Now let’s bring these concepts to the field. What can upskilling and reskilling look like at your company? Here are some examples:

Teach Workers How to Perform Tasks with Smart Grid Technologies

Outside of simply replacing old hardware, one of the primary aspects of modernizing power grids is making them smarter. This means bringing the grid onto systems of “computers, automation, and new technologies” to make the entire grid work together and more efficiently. This is a total transformation from old processes and one that has seen the investment of hundreds of billions of dollars from utilities companies and the U.S government.

The workforce implementing these technologies need to know how they work before installing them, then they need to know how they work once they’re installed. Getting your workforce proficient with the skills needed to do this should be a primary pillar of any utility company’s upskilling plan.

Reskill Administrative Employees to Learn Data Analysis Skills

Many administrative employees have some level of experience with Microsoft Excel or other spreadsheet platforms. This base-level knowledge of working with numbers in an organizational way is a great starting point for teaching data analytics skills.

Administrative employees’ hard skills are typically easier to replace than finding enough data analysts to fill a skills gap, so with this type of upskilling, you’re making it easier on hiring managers to find talent to fill the organization, as well.

Upskill Trainers to Use Virtual Reality Technologies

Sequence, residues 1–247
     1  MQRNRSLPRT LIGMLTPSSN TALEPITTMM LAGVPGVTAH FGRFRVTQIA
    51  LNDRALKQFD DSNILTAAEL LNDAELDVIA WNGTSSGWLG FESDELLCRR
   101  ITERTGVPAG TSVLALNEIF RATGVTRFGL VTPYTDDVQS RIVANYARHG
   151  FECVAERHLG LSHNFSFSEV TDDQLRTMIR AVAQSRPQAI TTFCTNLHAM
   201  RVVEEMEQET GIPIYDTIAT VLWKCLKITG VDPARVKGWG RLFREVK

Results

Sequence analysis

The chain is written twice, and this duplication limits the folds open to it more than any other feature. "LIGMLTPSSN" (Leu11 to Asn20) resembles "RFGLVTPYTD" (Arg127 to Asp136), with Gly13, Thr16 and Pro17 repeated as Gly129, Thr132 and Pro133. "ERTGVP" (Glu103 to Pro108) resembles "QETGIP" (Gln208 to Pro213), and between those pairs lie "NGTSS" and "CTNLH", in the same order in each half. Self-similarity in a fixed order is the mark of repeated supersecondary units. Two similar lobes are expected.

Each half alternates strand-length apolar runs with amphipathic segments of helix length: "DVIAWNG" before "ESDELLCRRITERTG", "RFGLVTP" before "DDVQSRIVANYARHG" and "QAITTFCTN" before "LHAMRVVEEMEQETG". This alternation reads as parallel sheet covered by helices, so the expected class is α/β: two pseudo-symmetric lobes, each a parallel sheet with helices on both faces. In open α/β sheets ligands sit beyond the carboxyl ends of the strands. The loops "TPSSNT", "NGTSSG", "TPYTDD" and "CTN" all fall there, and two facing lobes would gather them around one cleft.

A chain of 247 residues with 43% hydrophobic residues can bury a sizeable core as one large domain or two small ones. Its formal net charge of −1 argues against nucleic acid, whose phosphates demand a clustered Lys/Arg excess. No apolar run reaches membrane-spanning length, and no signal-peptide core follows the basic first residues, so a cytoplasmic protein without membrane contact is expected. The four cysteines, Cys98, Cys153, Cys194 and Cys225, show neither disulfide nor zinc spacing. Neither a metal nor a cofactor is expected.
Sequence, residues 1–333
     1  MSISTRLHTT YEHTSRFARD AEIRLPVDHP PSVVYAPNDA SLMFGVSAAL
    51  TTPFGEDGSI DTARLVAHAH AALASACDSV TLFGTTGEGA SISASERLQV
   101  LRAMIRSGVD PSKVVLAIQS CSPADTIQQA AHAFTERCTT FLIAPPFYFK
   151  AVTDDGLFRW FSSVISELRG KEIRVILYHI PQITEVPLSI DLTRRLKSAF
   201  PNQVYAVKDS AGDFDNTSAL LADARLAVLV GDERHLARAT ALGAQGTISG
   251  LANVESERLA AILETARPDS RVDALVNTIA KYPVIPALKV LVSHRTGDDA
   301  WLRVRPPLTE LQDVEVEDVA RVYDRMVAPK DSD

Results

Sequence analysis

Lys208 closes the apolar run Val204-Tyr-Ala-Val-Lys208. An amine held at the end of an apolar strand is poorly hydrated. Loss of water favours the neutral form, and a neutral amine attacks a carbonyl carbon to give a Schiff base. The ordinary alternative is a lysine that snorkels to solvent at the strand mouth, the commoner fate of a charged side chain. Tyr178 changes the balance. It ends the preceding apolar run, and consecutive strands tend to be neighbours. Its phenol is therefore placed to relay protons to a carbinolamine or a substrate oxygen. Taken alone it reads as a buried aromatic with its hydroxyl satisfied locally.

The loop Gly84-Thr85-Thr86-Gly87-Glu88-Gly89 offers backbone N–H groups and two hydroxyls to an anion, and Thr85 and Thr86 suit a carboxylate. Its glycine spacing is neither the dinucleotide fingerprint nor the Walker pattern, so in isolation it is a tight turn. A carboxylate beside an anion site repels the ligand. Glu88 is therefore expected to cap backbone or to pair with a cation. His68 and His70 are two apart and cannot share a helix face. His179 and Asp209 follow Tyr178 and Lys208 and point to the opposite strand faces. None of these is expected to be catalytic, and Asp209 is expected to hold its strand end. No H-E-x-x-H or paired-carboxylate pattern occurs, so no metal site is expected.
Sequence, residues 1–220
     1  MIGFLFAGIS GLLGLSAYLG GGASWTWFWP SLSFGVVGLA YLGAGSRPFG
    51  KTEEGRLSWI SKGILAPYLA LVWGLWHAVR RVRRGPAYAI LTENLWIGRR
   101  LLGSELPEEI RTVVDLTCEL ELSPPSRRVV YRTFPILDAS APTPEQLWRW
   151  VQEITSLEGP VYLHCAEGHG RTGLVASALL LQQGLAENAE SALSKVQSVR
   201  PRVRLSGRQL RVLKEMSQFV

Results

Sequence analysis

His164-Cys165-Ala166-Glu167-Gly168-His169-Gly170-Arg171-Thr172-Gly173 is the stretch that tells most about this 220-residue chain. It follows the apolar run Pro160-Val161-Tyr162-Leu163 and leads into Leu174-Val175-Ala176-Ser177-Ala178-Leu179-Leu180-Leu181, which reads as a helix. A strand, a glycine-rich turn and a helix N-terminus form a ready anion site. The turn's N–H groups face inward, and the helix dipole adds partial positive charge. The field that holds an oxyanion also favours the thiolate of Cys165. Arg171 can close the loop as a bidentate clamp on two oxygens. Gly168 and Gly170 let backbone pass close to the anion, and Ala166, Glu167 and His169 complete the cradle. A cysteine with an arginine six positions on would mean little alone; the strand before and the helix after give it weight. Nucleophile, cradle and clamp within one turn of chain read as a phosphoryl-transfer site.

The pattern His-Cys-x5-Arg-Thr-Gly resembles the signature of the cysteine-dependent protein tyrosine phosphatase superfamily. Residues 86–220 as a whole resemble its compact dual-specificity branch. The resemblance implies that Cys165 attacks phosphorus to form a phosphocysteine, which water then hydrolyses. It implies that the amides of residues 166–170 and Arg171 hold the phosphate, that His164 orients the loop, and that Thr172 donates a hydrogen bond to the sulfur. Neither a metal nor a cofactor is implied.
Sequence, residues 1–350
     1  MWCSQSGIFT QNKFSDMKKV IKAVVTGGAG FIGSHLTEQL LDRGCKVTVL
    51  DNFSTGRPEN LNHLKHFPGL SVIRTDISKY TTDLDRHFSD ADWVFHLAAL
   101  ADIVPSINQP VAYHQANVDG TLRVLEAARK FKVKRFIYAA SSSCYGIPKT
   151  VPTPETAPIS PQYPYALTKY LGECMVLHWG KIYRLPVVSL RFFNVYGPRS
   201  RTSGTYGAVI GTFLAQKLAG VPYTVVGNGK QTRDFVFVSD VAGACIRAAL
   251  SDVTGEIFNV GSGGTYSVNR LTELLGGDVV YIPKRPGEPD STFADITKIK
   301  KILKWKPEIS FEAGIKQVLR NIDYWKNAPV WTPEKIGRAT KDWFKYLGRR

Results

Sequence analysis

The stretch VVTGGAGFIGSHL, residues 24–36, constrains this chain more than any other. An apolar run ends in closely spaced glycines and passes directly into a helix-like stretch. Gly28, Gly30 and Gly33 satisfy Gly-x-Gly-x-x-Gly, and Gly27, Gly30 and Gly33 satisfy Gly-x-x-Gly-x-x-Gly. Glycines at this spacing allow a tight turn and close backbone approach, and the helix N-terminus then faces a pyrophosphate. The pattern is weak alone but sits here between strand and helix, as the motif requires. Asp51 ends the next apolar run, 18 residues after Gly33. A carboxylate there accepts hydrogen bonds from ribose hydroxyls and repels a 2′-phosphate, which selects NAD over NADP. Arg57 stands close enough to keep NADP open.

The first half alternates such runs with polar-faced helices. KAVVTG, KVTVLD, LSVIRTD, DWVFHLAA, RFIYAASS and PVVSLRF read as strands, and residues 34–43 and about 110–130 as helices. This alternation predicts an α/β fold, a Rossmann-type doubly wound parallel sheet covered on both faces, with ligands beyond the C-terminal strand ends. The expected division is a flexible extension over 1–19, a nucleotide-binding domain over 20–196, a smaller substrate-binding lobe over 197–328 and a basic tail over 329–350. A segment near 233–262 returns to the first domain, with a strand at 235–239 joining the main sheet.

As we mentioned, training your workforce how to install, use, and maintain new technologies is a core part of any grid modernization plan. The people who train your employees will need new tools and processes to teach the workforce. Virtual reality and augmented reality (AR) help with this. Upskill and reskill trainers to use these kinds of technology so they can implement company-wide training.

Not only will upskilling trainers in this area help train the workforce, these technologies can be more efficient at training because all parties don’t have to travel into the field to get training done, saving you money on some in-field training costs. (In-field training is still obviously necessary, but virtual reality and AR can help ease the need of full-in-field training.)

Train Technicians on Digital Literacy

Is it fair to expect a field technician to be proficient with new digital technologies if you haven’t provided that training? As the utilities industry becomes more digital by the year, it’s important to keep the workforce up-to-date with these technologies. This shouldn’t be a situation where you throw them into the water and hope they swim.

An upskilling opportunity for your utilities workforce is providing in-depth training with new technologies and systems and being equitable with the time and attention you’re giving to employees learning these new skills. A 30-year-old who grew up on the internet may need less intervention than a 55-year-old who’s worked with a similar manual process. Your upskilling and reskilling plan should be company-wide, but the plan gets great when the implementation becomes individualized.